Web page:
Diane May Nutrition Blog

October Breast Health

October 6th, 2016

October is Breast Cancer Awareness month, and although I have written about breast health and nutrition in the past, a new study published in BMJ (British Medical Journal) is shedding new light on food and breast cancer.  This study showed that there is an association between higher fruit intake and lower risk of breast cancer. Food choices during adolescence might be particularly important. What does that mean?  Make sure that fruit is incorporated into a healthy diet, and the earlier you start, the better.  Teens should be having three servings of fruit a day and women should be having two servings of fruit. Easy and delicious!

But what else can we do to reduce our risk?  We can not eliminate risk of developing breast cancer (or other disease states), but we can reduce risk and there are three easy modifiable changes we can make to reduce risk.

  • Maintain a healthy weight: A study published in Cancer Causes Control showed that  generalized obesity is an important risk factor for postmenopausal breast cancer, but only among women who have never taken HRT. Lifetime weight gain is also a strong predictor of breast cancer. Eat a healthy, balanced diet and stay within a normal BMI. More important, pay attention to abdominal fat. For women, do not have a waist circumference over 35 inches.
  • Move your body: Aim for 30 minutes of aerobic exercise most days. Studies have shown that exercise reduces risk of developing breast cancer.
  • Reduce alcohol consumption: Alcoholic drinks increases the risk of both postmenopausal and premenopausal breast cancers. If  you are going to consume alcohol,  consumption should be limited to one drink per day for women, and two drinks per day for men. (One drink = 12 ounces of beer, 5 ounces. of wine, and 1.5 ounces. of liquor). Women do not metabolize alcohol the same way men do so the impact is greater on the body.  It also influences hormones in the body.

It is also important to note that early pregnancy and breast feeding reduce risk of breast cancer.

So stay at a healthy weight, exercise, don’t drink and eat that fruit to stay as healthy as possible!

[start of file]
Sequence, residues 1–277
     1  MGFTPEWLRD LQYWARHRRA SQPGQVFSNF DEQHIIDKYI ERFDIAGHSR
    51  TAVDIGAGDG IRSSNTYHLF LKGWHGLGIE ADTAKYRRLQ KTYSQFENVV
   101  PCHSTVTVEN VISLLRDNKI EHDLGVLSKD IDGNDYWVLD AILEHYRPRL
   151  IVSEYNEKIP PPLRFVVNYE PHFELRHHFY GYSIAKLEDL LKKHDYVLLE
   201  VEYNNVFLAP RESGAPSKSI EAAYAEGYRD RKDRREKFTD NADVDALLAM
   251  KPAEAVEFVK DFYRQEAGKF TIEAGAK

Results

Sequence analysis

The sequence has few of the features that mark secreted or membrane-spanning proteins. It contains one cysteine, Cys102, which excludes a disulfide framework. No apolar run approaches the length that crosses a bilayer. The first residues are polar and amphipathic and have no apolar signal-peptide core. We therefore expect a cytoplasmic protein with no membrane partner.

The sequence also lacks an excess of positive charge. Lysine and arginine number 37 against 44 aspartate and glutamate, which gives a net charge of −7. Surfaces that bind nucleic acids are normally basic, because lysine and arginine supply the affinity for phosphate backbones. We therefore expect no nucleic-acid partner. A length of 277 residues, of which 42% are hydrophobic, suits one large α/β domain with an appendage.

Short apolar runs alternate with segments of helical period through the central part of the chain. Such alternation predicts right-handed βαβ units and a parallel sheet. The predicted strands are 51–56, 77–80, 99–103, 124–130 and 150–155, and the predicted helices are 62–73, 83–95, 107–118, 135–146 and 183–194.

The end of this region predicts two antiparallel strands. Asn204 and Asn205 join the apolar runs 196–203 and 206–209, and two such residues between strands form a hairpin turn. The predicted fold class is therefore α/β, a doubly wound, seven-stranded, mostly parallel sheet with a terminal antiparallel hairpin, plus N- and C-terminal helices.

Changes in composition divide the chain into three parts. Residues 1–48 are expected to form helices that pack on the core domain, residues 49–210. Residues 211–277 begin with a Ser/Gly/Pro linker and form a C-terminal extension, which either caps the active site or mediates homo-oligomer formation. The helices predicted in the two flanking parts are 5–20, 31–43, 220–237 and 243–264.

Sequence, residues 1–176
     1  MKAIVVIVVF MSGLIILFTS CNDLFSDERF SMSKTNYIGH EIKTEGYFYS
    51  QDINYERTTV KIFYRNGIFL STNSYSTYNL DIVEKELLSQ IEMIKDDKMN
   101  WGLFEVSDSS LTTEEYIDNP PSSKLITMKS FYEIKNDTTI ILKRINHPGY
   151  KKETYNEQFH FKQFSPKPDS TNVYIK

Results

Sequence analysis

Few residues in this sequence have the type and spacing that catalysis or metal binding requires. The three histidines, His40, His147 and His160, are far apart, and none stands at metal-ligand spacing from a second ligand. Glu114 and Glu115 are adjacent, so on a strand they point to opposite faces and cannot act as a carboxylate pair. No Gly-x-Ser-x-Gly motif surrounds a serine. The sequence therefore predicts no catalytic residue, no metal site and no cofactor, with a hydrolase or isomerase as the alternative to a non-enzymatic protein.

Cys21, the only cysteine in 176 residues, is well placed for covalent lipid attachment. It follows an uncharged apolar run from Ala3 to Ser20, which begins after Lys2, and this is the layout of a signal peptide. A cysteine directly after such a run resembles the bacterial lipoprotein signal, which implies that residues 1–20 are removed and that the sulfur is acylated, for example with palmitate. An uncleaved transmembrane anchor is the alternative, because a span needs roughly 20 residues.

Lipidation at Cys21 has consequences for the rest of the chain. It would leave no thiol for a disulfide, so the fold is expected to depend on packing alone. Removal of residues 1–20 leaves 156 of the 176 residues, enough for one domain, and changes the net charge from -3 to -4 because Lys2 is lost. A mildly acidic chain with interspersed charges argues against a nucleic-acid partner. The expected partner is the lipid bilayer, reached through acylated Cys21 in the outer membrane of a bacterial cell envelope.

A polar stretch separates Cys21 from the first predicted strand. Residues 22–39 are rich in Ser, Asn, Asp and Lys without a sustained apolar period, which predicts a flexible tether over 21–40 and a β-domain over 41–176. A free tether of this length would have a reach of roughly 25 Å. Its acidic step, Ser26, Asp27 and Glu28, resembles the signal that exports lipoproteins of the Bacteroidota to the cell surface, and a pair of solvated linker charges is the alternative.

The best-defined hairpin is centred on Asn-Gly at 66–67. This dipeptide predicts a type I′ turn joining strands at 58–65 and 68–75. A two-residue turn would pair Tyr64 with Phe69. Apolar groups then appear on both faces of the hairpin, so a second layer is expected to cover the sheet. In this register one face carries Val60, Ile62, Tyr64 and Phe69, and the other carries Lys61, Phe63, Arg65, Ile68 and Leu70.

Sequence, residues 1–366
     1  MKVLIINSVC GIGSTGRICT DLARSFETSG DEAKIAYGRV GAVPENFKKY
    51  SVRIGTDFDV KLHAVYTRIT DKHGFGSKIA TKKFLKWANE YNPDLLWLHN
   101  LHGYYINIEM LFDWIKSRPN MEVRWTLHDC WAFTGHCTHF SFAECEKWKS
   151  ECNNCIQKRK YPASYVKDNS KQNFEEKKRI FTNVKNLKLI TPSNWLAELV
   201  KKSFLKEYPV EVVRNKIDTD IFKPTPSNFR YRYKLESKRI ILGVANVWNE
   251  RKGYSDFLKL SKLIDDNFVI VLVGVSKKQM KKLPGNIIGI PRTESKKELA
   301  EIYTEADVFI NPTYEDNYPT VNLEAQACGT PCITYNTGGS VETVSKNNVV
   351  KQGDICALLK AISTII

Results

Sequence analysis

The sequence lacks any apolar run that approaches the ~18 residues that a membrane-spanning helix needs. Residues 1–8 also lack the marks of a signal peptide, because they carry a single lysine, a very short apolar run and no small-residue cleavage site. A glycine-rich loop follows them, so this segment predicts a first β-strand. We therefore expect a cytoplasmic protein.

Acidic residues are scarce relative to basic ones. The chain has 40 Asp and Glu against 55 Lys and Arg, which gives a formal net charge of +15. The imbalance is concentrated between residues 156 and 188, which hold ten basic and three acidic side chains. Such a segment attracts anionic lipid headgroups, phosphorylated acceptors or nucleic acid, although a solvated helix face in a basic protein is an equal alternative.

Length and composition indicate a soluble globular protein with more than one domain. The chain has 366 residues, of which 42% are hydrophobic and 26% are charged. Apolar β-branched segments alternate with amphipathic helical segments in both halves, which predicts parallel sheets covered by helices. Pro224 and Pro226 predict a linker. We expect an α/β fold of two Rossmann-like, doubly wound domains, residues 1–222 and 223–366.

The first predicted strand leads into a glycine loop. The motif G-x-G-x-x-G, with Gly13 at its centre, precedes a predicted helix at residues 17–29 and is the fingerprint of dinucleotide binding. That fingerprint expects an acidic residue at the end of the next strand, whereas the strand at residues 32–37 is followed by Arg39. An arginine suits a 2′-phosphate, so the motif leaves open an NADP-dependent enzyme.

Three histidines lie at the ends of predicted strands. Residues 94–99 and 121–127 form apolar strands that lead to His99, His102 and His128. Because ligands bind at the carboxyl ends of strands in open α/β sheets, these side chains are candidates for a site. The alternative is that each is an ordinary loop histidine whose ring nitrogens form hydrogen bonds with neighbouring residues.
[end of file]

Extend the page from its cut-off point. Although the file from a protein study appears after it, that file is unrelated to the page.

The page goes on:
Roasted Grape and Pear Kuchen

Recipe from Cooking light






1/2 cup warm 2% reduced-fat milk (100° to 110°)

2 1/4 teaspoons dry yeast

1/2 cup granulated sugar, divided

2 tablespoons canola oil, divided

1 teaspoon vanilla extract

1 teaspoon grated lemon rind

1/2 teaspoon salt

1/2 teaspoon ground nutmeg

2 large eggs

9 ounces all-purpose flour (about 2 cups)

6 tablespoons unsalted butter, softened and divided

Baking spray with flour

1 1/2 cups seedless red grapes

2 firm peeled pears, cut into 1/4-inch-thick slices

1/4 cup chopped pecans

3 tablespoons brown sugar

1/2 teaspoon ground cinnamon

1 1/2 cups frozen reduced-calorie whipped topping, thawed


1. Combine milk, yeast, and 1/2 teaspoon granulated sugar in a large bowl; stir with a whisk. Let stand 5 minutes.

2. Add remaining granulated sugar, 1 tablespoon oil, vanilla, rind, salt, nutmeg, and eggs; beat with a mixer at low speed until well combined. Add flour; beat at low speed 5 minutes or until batter is smooth. Add 5 tablespoons butter, 1 table­spoon at a time, beating after each addition. Smooth batter into a 9-inch springform pan coated with baking spray. Cover and let rise in a warm place (85°), free from drafts, 1 1/2 hours.

3. Preheat oven to 450°.

4. Combine remaining 1 tablespoon oil, grapes, and pears; arrange in a single layer on a baking sheet. Bake at 450° for 20 to 25 minutes or until tender. Cool completely. Reduce oven temperature to 350°.

5. Melt remaining 1 tablespoon butter. Combine grape mixture, butter, pecans, brown sugar, and cinnamon. Arrange mixture over dough. Bake at 350° for 30 minutes or until a wooden pick inserted in center comes out clean. Cool in pan for 15 minutes on a wire rack. Remove from pan, and place on a serving platter. Serve with whipped topping.

Recipe Time

Hands-on: 27 Minutes

Total: 3 Hours

Nutritional Information

Calories 281

Fat 12.4 g

Satfat 5.5 g

Monofat 4.4 g

Polyfat 1.7 g

Protein 4.6 g

Carbohydrate 39 g

Fiber 2 g

Cholesterol 47 mg

Iron 1 mg

Sodium 124 mg

Calcium 39 mg